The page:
Burtons was at the heart of the port

ICING, caster and fondant sugar were all part of the sweet history of an Ipswich company which operated close to Ipswich Dock for close to 150 years.

David Kindred

ICING, caster and fondant sugar were all part of the sweet history of an Ipswich company which operated close to Ipswich Dock for close to 150 years. A photograph from Brian Reeder of a fine archway, which formed the entrance to offices at the corner of College Street and Foundry Lane, was published recently in Kindred Spirits.

Brian asked what had happened to the arch and Stuart Grimwade, the director of Ipswich Maritime Trust, told me: “The Mill developers plan to reconstruct the archway which was dismantled and held in store by the demolition contractors. The arch will stand in the new Dance East open performance area.”

Although the last users of the building were Cranfield Brothers, Peter Andreasen, of Norwich Road, Ipswich, reminds me that the building was originally part of Burton Son and Sanders. Peter said: “The archway was over the entrance to the head office of Burton Son and Sanders Ltd from 1899 to closure of the company in the 1960s/70s. Burtons, from 1824 onwards, were a large national company in the first place as wholesale grocers, tea blenders and bacon curers. There were warehouses in Ipswich, Norwich and Colchester.

“Two local wholesalers, H W Caffe Ltd and Squirrel and Cleveland Ltd, were subsidiary companies. Burtons developed into the bakery supplies industry and were among the first in the field to manufacture caster and icing sugar, sugar fondant, marzipan and macaroon paste, as well as a vast range of cake decorations. The main factory was in the current Cardinal Lofts building with others in Glasgow, Newcastle, Manchester, Bristol and Portsmouth.”

David Segger added by e-mail: “I started work in those offices in 1952 for Burton's and those offices were transferred to Cranfield's, I guess sometime in the 1970s. I left Burton's when they closed in 1993.”

Most Read

- Did you work for Burton Son and Sanders? Write with you memories to Dave Kindred, Kindred Spirits, Evening Star, 30 Lower Brook Street, Ipswich IP4 1AN or e-mail info@kindred-spirit.co.uk

The firm's history:-

A HISTORY written in 1930 gives an idea of how big the operation of Burton Son and Sanders was - it even had its own rail link. The item said: “Burton Son and Sanders Ltd were sugar and almond millers, confectioners and importers. The house of Burton was established in 1824 by Messrs Charles and Henry Burton and from a small beginning it has steadily grown until it has become one of the largest of its kind in England. Over half a century ago Mr Bunnell Burton and Mr (now Sir) William P Burton joined the firm. The head offices are in Ipswich, but there are branches and factories in London, Hull, Glasgow, Newcastle, Belfast, Bristol, Manchester, Birmingham, Portsmouth, Colchester and Norwich. The Ipswich premises are situated alongside the dock and have a direct railway line into the building, the goods being packed nightly.”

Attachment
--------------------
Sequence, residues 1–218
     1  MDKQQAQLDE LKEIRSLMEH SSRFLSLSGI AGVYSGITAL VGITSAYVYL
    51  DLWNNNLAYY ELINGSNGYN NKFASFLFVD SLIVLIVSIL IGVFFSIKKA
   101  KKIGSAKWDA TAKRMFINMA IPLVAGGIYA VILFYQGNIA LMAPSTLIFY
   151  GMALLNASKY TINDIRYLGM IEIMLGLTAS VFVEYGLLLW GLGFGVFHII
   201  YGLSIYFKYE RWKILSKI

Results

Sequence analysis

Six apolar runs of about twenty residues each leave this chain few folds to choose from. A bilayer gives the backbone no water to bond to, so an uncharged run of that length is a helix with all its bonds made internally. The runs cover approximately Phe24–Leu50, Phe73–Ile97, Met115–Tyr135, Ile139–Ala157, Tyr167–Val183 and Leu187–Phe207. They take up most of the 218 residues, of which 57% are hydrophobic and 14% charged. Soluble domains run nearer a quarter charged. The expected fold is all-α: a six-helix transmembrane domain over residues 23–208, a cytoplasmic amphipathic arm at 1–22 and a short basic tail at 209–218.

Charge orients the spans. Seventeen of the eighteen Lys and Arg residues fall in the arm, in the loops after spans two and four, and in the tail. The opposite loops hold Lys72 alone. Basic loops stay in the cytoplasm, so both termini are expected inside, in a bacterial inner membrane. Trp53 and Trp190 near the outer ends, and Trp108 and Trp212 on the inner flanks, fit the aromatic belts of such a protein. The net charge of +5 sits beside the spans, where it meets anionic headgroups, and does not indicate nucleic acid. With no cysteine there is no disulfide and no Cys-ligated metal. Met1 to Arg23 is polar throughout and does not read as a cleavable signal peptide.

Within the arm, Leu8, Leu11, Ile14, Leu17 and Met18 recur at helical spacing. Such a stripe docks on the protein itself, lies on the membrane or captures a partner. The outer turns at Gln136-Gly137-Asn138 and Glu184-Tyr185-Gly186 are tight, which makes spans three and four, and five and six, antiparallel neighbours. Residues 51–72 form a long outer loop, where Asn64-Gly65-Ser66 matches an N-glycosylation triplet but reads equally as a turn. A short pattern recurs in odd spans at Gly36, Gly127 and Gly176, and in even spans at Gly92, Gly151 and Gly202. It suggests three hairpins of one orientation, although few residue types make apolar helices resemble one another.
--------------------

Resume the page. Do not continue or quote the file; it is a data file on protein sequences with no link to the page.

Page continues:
Memories of wartime bomb damage:-

A REQUEST from in a recent Kindred Spirits from Jay Harvey, of Warwick Road, Ipswich, for information about Second World War bomb damage in that part of town has been answered. Vivienne Owen, of Heath Road, Ipswich, said: “I lived with my parents Mr and Mrs Bowman at 193 Woodbridge Road, near the top of Warwick Road and in 1941/42 we were evacuated twice. First while an unexploded landmine, which fell in Cemetery Road, was detonated, then in 1942 a bomb fell in Harmony Square, now Hanover Court.

“After the raid I remember going with my father to see the bomb embedded in the wall of one of the little houses. We were evacuated for several days while the bomb was taken away. I vaguely recall that a bomb fell in the grounds of the East Suffolk Water Offices, where Upton Close is now, but fortunately the blast only caused minor damage to the backs of houses on that side of Woodbridge Road.

“I'm not sure if this was dropped at the same time as the Harmony Square bomb, but as I joined the WAAF in December 1942 and spent the next three years in Liverpool I know it was definitely before then.”

- The parachute mine landed in Cemetery Road on September 21, 1940. The raid, when a bomb landed in Harmony Square, was on August 25, 1942, late in the evening. The same raid killed a family of nine in an Anderson shelter at the junction of Nacton Road and Lindbergh Road. Other bombs landed on Derby Lodge and Woodbridge Road. A total of 12 were killed in Ipswich that evening.